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Types of Web Application Attacks

Web applications are a prime cyber attack target because they often contain sensitive data, such as customer information, financial data, and intellectual property. Most if not all web applications are also affected by various security vulnerabilities that continuously widen an organization’s attack surface.

This post tackles some of the most common types of web application attacks and presents tips to prevent them.

Table of Contents

What Are the Common Types of Web Application Attacks?

Types of Web Application Attacks

SQL Injection

SQL injections occur when attackers inject malicious SQL code into a database query. It can be done by exploiting vulnerabilities in a web application’s input validation code.

For example, if a web application does not correctly validate user inputs for search forms, attackers can find opportunities to inject malicious SQL code into one or more search fields.

The malicious SQL code may also be executed when the web application executes a search query, potentially giving attackers access to databases and allowing them to collect, modify, or delete data.

Cross-Site Scripting

Cross-site scripting (XSS) attacks occur when attackers inject malicious code into web pages that are then executed by victims’ browsers when they visit infected pages. As in other web app attacks, this code can steal cookies, redirect victims to malicious websites, or even take control of victims’ browsers.

Brute-Force Attack

A brute-force attack happens when malicious actors try to guess passwords or other secret codes by inputting as many combinations as possible. This web app attack has a higher likelihood of succeeding when users utilize weak and predictable passwords or if the attackers have substantial computing power that enables them to generate password combinations faster.

XML External Entity Injection

An XML external entity (XXE) web-based attack occurs when attackers exploit a vulnerability in an XML parser to execute arbitrary code on the server. Many web applications use XML parsers to analyze XML data, such as configuration files and XML documents.

XXE attacks can succeed if an XML parser is not correctly configured to prevent external entity expansion, an XML feature allowing parsers to resolve entities defined in external files. This feature enables attackers to inject malicious XML entities into XML documents. When the XML parser resolves these entities, it executes the arbitrary code defined in the external files.

Denial-of-Service Attack

In denial-of-service (DoS) attacks, attackers attempt to overwhelm an application with a high traffic volume, making it unavailable to legitimate users. Threat actors can execute DoS attacks by exploiting web application vulnerabilities like security misconfigurations. If a web application is configured to allow concurrent connections from a large number of IP addresses, attackers can launch a DoS attack by sending many simultaneous requests to the web application from different IP addresses.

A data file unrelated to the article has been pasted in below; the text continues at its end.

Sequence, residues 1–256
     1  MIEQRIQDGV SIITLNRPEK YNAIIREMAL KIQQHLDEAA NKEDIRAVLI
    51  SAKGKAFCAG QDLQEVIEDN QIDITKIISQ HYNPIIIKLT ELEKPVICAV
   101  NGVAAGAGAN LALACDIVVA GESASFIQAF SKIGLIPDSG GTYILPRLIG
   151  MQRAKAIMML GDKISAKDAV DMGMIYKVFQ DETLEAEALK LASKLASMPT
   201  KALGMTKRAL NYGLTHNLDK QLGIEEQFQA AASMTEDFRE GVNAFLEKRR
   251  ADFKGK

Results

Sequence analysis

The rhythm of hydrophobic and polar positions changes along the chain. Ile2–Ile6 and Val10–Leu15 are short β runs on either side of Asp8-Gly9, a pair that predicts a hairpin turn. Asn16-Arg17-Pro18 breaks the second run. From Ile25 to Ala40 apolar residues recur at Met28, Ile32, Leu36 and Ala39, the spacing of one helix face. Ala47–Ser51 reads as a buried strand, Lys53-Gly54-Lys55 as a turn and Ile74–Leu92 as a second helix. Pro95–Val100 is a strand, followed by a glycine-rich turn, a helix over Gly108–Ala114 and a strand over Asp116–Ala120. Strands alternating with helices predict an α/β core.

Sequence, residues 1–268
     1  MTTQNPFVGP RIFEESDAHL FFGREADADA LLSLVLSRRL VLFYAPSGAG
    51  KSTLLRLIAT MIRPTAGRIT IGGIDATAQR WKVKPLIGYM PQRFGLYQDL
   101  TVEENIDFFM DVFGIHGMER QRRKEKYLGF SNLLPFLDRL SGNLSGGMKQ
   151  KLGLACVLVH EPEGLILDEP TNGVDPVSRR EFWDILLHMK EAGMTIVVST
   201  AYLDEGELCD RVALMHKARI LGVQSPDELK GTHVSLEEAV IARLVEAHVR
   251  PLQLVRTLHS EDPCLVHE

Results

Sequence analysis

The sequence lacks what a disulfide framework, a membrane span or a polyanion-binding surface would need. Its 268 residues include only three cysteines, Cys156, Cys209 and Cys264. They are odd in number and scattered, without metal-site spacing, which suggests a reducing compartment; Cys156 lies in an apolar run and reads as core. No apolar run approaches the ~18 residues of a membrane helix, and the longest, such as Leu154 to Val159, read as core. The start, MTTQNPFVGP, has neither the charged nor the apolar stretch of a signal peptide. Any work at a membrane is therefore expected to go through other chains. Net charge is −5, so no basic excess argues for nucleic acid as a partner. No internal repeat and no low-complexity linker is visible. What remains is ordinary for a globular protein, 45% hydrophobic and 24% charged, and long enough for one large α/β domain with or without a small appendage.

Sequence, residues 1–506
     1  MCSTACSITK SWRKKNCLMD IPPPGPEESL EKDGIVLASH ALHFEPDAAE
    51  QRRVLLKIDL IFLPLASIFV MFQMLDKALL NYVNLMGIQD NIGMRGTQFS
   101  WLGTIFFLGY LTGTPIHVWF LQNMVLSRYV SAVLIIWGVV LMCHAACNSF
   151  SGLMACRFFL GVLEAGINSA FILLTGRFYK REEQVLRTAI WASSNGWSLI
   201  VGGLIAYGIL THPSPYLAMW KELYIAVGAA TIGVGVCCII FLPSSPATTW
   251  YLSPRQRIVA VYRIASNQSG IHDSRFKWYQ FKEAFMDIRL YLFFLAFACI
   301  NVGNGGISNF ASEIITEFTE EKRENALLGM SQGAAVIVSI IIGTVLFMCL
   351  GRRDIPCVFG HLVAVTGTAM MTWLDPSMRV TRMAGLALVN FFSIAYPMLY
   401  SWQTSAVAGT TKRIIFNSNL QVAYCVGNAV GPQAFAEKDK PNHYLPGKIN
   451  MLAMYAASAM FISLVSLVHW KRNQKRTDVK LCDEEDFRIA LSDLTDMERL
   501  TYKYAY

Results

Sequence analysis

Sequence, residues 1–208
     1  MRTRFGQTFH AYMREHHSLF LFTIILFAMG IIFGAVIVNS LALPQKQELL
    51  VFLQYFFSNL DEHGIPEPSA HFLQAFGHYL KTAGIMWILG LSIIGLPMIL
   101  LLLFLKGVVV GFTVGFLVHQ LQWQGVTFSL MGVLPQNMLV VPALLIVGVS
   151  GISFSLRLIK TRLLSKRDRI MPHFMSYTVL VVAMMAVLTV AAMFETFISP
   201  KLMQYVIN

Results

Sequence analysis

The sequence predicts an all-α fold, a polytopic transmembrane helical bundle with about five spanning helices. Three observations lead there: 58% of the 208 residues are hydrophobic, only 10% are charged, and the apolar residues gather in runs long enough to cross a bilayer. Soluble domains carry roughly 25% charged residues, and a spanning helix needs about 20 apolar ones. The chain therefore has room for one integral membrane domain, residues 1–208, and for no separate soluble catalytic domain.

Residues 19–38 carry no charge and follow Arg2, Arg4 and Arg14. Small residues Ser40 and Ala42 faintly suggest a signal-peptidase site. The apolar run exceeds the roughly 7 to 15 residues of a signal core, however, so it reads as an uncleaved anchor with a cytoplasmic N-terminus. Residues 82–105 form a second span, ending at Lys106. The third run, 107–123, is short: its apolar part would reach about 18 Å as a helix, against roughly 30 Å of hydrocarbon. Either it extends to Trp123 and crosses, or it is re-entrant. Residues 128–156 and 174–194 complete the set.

Insecure Direct Object References

An insecure direct object references (IDOR) attack occurs when attackers exploit a vulnerability in a web application to access resources that they are not authorized to view. IDOR attacks can succeed if a web application does not validate user inputs correctly.

For example, web applications may use a direct object reference to allow access to users’ account information. If the URL for viewing account details is /account/<user_id>, where <user_id> is a user’s unique identifier, attackers can try guessing or brute-forcing the user IDs of other users. Once they have a working user ID, they can access other users’ account information by visiting the URL /account/<user_id>.

How Do You Prevent Web Application Attacks?

Web application attacks often occur when threat actors see an exploitable vulnerability in a system. Therefore, avoiding these attacks requires complete visibility over your web applications and continuously scanning them for vulnerabilities.

Entities often use automated tools like attack surface management (ASM) solutions to perform asset discovery and vulnerability assessment. By doing so, they can improve their ability to see and, therefore, mitigate web application vulnerabilities before attackers can exploit them.

Web application attacks have a significant impact on organizations as they can lead to data breaches, business disruption, regulatory violations, and reputational damage. However, remediating vulnerabilities that lead to these attacks can significantly minimize threat exposure.

What web application attacks could you be vulnerable to? Schedule a customized demo now to see how Attaxion can help you.

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